Sorrow stalks Iraqi Christians in Lebanon
BEIRUT, Lebanon – In the hardscrabble Beirut suburb of Sad al Baoushriye, the narrow apartment rented by the Yousifs, a family of refugees from northern Iraq, is shrouded in sorrow.
The Yousifs were forced to flee the Nineveh region near Mosul in Iraq in 2015 amid a wave of reprisals against Christians and minorities, and persecution by extremists. The family of seven, who span three generations, first moved to Erbil. Then, still feeling vulnerable, they travelled on to Lebanon, with little more than memories.
Though the security worries have diminished, life in exile has itself been fraught. Soon after escaping from Iraq, Mirna, the mother, suffered another loss – her husband, Munzer, died in Beirut of natural causes. The four children, aged between 12 and 22, who are still with her in Lebanon, were left without a father.
“First my son had to leave Iraq as he was being forced to go and fight, then we followed. It was too dangerous to stay,” Mirna told UNHCR, the UN Refugee Agency, during a visit to the apartment alongside an Iraqi volunteer from the Catholic NGO Caritas, a UNHCR partner.
As she spoke, Mirna rustled around for a photo printout of the former family home, now just pockmarked walls encasing bricks, dust and twisted metal fragments. “We’ve lost our home. It was completely destroyed. What have we got to go back to?”
As well as keeping the immediate family together, Mirna has to care for her bereaved parents-in-law. Her mother-in-law, Faheemah, 82, is nearly blind and almost entirely bedridden, having suffered a stroke and other complications; her swollen legs only carry her from bed to bathroom, when assisted. The cost of medication has stretched family finances to breaking point.
Her father-in-law, Gorgis, 83, sometimes leaves the apartment but generally ventures no further than the local church or a plastic chair in the ground-floor car park, from where he surveys the street through glassy eyes.
“We’ve lost our home. It was completely destroyed. What have we got to go back to?”
During the visit, Gorgis broke into a mournful Chaldean chant that appeared to an outsider to be a lament for home, and perhaps the family’s current plight.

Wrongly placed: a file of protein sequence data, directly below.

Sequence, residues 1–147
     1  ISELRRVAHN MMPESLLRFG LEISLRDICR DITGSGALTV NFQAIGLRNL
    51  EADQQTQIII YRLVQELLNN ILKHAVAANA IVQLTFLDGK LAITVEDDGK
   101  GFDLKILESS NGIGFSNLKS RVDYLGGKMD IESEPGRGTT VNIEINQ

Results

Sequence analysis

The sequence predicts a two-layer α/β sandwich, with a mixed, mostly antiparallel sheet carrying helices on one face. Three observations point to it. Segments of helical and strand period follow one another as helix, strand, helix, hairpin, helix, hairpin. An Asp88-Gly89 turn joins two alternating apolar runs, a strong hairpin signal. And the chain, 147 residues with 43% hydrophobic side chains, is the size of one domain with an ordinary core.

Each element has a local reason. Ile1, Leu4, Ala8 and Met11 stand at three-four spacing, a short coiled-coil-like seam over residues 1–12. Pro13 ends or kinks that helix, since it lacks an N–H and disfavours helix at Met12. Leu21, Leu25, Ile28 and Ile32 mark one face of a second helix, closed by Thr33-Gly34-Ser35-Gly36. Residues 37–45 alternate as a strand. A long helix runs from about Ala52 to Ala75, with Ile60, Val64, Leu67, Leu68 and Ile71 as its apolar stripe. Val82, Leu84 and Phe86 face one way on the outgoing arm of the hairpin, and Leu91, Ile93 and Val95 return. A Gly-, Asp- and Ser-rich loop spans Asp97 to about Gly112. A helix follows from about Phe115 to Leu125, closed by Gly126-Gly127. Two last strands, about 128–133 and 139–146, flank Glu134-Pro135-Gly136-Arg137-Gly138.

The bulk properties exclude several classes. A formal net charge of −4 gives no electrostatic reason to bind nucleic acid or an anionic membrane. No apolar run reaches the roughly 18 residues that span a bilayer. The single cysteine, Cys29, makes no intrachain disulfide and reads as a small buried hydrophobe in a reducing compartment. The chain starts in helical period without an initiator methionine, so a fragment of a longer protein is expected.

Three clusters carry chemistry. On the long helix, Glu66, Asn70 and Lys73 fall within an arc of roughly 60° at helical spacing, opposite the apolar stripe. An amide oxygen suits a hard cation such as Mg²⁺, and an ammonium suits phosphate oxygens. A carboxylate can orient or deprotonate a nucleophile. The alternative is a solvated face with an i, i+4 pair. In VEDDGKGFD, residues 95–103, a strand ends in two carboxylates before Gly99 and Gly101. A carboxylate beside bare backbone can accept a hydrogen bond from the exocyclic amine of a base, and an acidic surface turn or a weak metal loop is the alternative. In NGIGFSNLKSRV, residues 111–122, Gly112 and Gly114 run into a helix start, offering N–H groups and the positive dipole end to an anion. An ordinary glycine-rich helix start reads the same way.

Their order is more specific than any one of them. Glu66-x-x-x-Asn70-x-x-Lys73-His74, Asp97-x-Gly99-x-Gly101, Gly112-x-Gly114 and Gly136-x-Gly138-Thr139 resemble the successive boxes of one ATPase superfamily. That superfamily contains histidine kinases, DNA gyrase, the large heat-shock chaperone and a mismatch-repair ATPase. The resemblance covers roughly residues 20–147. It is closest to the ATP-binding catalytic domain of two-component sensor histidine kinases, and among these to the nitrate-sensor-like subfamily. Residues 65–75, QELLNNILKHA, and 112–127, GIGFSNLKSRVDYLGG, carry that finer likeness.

Dreams of the future are mostly on hold. The family’s daily preoccupation, like that of so many other refugees, is financial. The apartment that they rent in Beirut’s poor quarter costs US$700 a month. Food, utilities, medicine and other costs add hundreds more to monthly outgoings. UNHCR cash assistance helps cover some of this, but it is far from sufficient.
That means the two older children, Michael and Media, 22 and 18 respectively, have to work menial jobs in Beirut to keep the family afloat. Hence their prospects are dimming – something that is a preoccupation for refugee parents the world over.
As fighting continues in parts of northern Iraq after extremists were pushed from Mosul last year, many of those forced to flee – like the Yousifs – have abandoned hope of returning home, fearing sectarian tension may endure, and are looking at a protracted exile, or moving on to other countries under UNHCR resettlement programmes, though places are few and reserved for the most vulnerable.
Earlier in the day, at a weekly therapy and discussion session for Iraqi refugees run by Caritas, dozens of Iraqi Christian refugees spoke over black tea about the pain of limbo. It is a life of frustration at best, often leaving psychological scars.
“I feel I’m living on borrowed time,” said Laith, a man in his 60s. “I want to provide for my kids, but I can’t. My son used to be top of his class in Iraq. Now he’s a labourer.”
Among the daily challenges cited by Laith and other Iraqi Christians at the session were depression, health issues, lost opportunities for their children and financial hardship. Most expressed a desire to move on to a new life elsewhere, if possible.
“I feel I’m living on borrowed time. I want to provide for my kids, but I can’t.”
A study published by the World Council of Churches and Norwegian Church Aid indicates that sectarian feelings in Iraq had “become deeply ingrained” and warned that the defeat of extremists alone “will not solve these underlying dangers or ensure that minorities return to their place of origin.” It stressed the need to keep providing flexible and sufficient humanitarian funding in Iraq.
The diaspora is spread wide: Last year there were nearly 260,000 Iraqi refugees registered in Turkey, Lebanon, Iraq, Jordan, Egypt and the Gulf Cooperation Council countries.
A number of refugees at the Caritas session said they felt more at ease in Lebanon, partly because of its large Christian community.
“Although the conditions here are extremely difficult, the most important thing is that we feel safe,” said Josephine, an Iraqi mother whose son was an engineer in Iraq. “He now gets small jobs in Lebanon, and earns no more than US$400 a month.”
Minorities in Iraq have been especially affected by recent violence, not least Nineveh’s Christians. In all country offices, UNHCR has measures to ensure that all asylum-seekers, regardless of their religion or background, have access to its services.
Indeed, the Agency assists all refugee communities – including religious minorities – to register, including via mobile registration units, trained outreach teams and help desks in areas where these groups are concentrated.
Back in Beirut, one thing that provides a constant for the Yousifs is the local church, where most of the family joins other Iraqi Christians to pray for better times.
Gorgis, the father-in-law, worries about the family’s future while they are in limbo. “Every day I ask God to help us,” he said, his voice cracking as he fought back tears.